Icasa heads still considering probe into MultiChoice
Executives of the Independent Communications Authority of SA (Icasa) told Parliament on Wednesday that it was still considering how to proceed with a possible investigation into MultiChoice.
In November, the DA approached the regulator requesting that it conduct an inquiry into payments made by MultiChoice to the SABC and Gupta-linked ANN7, allegedly in exchange for political influence over government policy on digital migration, in the pay-TV operator’s favour.
Allegations, including a copy of minutes of a meeting held between MultiChoice and SABC executives in 2013, emerged in 2017, suggesting that the pay-TV operator would proceed with its multimillion-rand deal to include the SABC 24-hour news channel in the DStv bouquet, only if the government supported nonencryption of set-top boxes.
Former communications minister Faith Muthambi was implicated in the matter as she pushed through nonencryption, despite standing ANC policy at the time.
Set-top boxes are needed to decode the digital signal for television sets that do not have digital capabilities. Conditional access and encryption is crucial for pay-TV broadcasters, as it allows them to control who has access to their content.
Icasa executives, who appeared before Parliament’s communications portfolio committee to discuss the regulator’s annual performance plan, told MPs that the DA lodged the initial complaint in November against MultiChoice regarding its relationship with ANN7 and the SABC.
The allegation centred on suspicions of illegality in those relationships. The regulator then had to consider the complaint and also seek external legal advice as to the process to follow in dealing with the matter.
In February, Icasa sent a letter to MultiChoice, requesting its response to the complaint. The pay-TV operator responded by essentially objecting to the process and arguing that the complaint by the DA was flawed. Despite the objection, MultiChoice offered Icasa the opportunity to view the contracts/documentation in question at its premises.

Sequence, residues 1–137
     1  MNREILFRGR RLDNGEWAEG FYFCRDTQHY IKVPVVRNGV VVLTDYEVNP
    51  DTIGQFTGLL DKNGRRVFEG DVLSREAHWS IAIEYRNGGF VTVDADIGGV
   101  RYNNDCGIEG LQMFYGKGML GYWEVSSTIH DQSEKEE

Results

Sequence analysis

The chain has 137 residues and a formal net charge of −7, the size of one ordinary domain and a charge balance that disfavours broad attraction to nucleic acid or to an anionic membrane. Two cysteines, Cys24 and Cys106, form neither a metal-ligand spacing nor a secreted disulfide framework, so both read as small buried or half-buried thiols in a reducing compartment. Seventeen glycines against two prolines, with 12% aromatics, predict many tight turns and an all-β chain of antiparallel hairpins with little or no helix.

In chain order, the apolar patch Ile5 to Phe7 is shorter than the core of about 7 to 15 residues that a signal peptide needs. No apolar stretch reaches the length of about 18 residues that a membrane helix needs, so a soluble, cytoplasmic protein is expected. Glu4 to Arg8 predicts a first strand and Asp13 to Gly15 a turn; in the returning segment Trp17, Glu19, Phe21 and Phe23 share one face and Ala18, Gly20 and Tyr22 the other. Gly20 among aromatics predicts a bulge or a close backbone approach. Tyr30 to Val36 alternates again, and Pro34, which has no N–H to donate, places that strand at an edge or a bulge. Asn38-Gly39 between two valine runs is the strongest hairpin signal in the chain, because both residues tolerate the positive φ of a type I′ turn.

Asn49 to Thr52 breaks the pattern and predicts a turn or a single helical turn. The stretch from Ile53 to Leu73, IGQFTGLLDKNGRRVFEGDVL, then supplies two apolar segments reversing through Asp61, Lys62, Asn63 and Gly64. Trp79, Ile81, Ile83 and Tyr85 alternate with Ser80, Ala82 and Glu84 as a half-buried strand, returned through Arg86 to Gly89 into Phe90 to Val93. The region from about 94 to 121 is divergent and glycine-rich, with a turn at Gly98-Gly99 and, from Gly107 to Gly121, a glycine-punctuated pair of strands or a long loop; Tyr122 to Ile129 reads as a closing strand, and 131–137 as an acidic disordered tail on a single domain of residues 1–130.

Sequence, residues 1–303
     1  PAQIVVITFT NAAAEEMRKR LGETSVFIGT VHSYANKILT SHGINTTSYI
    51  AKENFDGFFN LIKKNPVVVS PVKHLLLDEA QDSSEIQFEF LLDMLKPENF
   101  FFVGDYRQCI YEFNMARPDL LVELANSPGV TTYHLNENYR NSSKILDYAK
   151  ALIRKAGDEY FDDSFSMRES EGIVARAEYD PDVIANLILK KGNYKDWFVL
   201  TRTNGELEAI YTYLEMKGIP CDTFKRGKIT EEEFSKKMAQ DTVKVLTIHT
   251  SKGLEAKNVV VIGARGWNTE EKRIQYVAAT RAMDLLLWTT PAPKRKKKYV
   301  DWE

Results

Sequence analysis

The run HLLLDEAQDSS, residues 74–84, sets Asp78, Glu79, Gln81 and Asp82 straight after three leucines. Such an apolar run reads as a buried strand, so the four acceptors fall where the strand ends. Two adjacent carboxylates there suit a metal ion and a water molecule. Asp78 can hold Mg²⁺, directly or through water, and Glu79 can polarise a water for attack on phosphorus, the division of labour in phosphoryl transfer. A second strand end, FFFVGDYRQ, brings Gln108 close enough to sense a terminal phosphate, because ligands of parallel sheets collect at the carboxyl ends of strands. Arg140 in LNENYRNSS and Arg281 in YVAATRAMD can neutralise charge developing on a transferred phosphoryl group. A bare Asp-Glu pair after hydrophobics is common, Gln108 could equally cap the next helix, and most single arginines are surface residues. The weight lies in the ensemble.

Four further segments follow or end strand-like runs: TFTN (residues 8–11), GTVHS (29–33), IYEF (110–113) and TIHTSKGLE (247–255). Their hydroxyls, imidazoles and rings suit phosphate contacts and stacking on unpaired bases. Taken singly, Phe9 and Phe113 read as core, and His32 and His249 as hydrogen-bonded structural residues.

However, Icasa responded in March, stating that the offer was unacceptable and the regulator was entitled in law to proceed with the process it was undertaking. MultiChoice then requested a meeting with Icasa.
The regulator had also received a letter in March from an unrelated party regarding MultiChoice/Naspers’s "undue influence on encryption policy in order to protect its dominance".
"The issues raised in the letter overlap with some of the issues raised in the complaint. Icasa is currently considering … the letter it received … in order to determine how to proceed with the matter," the regulator said.
Icasa also provided MPs with an update on the call for applications for an individual, commercial, free-to-air television broadcasting service and radio frequency spectrum licence, which was issued in February.
The Gupta-backed Infinity Media is one of players that had applied. Infinity Media owns the former Gupta-owned news network ANN7, which will be dropped from the DStv bouquet in August. Lobby groups have called on Icasa not to grant Infinity the licence, citing among others, its links to the Guptas
A notice inviting public comment on the received applications was published on March 13. The closing date for receipt of written representations was April 16. Applicants have until May 17 to respond to the written representations.
According to Icasa, all written representations and responses will be made available in the regulators library and on the website (except where confidentiality is requested and granted). The authority will hold public hearings with respect to the received applications by September 30, and a final decision on the licensing process is expected by March 31 2019.